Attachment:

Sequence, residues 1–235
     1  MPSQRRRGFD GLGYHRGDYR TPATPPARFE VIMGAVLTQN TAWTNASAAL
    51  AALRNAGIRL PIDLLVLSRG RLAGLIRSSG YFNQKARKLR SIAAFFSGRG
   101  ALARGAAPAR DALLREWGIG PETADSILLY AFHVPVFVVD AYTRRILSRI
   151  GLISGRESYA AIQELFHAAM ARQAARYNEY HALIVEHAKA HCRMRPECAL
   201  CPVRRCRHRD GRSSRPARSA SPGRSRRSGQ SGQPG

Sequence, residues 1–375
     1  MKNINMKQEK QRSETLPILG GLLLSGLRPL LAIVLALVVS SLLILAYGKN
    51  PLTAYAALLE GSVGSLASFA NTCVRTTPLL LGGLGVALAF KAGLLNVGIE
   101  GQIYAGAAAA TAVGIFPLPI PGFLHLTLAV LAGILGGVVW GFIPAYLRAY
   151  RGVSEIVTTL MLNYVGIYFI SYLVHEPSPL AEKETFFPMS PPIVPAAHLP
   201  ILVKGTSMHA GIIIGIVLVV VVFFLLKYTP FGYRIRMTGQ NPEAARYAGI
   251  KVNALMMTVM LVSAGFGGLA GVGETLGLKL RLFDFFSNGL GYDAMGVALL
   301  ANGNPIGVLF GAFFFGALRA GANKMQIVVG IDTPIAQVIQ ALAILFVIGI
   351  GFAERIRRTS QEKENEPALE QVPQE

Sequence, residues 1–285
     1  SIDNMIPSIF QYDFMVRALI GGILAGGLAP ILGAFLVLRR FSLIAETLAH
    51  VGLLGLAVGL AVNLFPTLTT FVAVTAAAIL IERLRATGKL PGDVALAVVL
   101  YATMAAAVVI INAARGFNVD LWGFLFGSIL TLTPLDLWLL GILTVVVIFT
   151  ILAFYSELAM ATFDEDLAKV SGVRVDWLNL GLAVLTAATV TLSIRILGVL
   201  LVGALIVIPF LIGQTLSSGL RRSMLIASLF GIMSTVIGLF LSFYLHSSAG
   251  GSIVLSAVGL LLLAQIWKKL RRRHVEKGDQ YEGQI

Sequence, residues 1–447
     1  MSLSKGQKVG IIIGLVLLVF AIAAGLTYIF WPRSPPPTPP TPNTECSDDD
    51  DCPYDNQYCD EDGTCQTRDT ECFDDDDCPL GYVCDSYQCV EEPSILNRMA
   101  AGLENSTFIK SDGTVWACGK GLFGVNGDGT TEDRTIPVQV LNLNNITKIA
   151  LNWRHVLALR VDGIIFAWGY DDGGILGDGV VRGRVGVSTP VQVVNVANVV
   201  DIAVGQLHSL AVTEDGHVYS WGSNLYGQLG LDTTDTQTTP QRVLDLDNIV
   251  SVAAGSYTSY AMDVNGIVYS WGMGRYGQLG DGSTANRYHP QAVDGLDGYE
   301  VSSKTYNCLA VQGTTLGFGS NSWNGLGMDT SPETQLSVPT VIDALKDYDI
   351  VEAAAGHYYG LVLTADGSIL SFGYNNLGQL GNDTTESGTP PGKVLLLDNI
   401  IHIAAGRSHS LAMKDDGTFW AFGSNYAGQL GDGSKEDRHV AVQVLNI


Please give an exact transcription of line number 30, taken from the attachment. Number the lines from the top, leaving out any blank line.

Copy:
   301  VSSKTYNCLA VQGTTLGFGS NSWNGLGMDT SPETQLSVPT VIDALKDYDI